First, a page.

The Colombian offensive, organized by the US, as President Maduro well knows, not only poses the real threat of attacking us militarily, but it itself forces us to make decisions, which involve financial costs, of mobilizing weapons and troops. , propaganda in general and war propaganda in particular, psychological warfare, medical care and military health, diplomatic work, permanent political and military training and education, national and international intelligence and counterintelligence, in short, everything that the war and the preparation for it forces us to carry out and that we are certainly doing.
Special chapter deserves the economic and social war. Especially since this is the one that can create more confusion, misunderstandings and despair in the daily life of the population. That is why imperialism devotes particular attention to it, generating and multiplying shortages of all kinds: food, medicine, water, electricity, health and social care services, insecurity, robberies, rapes, kidnappings, in short, everything that contributes to turn day to day into hell. Cause constant criticism of what the government and particularly President Maduro, does or does not do.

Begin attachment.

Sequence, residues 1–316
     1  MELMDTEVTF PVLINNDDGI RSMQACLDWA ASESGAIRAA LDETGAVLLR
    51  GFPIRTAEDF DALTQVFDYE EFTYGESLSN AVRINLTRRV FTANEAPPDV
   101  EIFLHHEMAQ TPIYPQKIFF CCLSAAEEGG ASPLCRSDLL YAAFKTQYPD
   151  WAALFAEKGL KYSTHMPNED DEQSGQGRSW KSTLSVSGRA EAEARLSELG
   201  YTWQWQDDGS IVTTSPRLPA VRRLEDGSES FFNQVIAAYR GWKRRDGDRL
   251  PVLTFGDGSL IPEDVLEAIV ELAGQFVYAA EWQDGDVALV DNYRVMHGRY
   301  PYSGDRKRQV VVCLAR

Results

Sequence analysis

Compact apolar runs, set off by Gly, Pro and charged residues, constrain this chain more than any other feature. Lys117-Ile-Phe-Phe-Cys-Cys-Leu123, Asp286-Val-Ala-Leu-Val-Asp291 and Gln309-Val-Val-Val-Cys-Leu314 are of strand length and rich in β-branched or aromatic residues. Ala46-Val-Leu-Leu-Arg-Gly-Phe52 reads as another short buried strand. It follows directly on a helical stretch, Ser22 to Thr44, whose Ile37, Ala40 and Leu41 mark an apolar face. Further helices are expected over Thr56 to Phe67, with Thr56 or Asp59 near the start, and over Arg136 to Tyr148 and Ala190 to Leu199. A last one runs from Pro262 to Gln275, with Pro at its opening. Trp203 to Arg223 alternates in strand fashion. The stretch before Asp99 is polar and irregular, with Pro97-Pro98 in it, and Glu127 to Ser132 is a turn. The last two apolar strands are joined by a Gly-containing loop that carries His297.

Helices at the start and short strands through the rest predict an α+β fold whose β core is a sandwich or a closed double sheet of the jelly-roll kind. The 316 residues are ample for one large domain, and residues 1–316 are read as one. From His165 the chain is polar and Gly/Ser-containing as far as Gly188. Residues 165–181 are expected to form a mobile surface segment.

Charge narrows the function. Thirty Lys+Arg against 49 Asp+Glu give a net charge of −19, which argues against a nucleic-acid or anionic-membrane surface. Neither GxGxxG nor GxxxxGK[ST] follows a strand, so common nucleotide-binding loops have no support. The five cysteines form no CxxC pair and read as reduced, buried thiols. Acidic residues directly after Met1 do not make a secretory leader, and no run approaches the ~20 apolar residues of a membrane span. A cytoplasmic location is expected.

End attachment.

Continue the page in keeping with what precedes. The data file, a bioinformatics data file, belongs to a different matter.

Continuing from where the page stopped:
The policy of Iván Duque, president of Colombia, can only be base and criminal. Our strategy must be as flexible as it needs to be and firmly socialist and communal. Now is when we must most remember and understand that essential line of President Chávez: Commune or Nothing. Which for me sums up strategy and tactics, as this quote illustrates:
"It is both a political organization and a social relationship based on autonomy, self-management and self-government ... The commune is a space that makes it possible to simultaneously transcend private property, wage labor and the bourgeois state." (Miguel Mazzeo, 2015).
The commune must be a school of struggle, of socialism. It is an awakening that goes beyond the bureaucratic and clientelist routine. It is not possible to advance if you do not break with individualism. Chávez's Nothing was final: he considered the commune as if it were "his life itself" (Chávez's), as the "soul of the process." It requires checking daily that the seed takes root and grows towards a horizon of full freedom.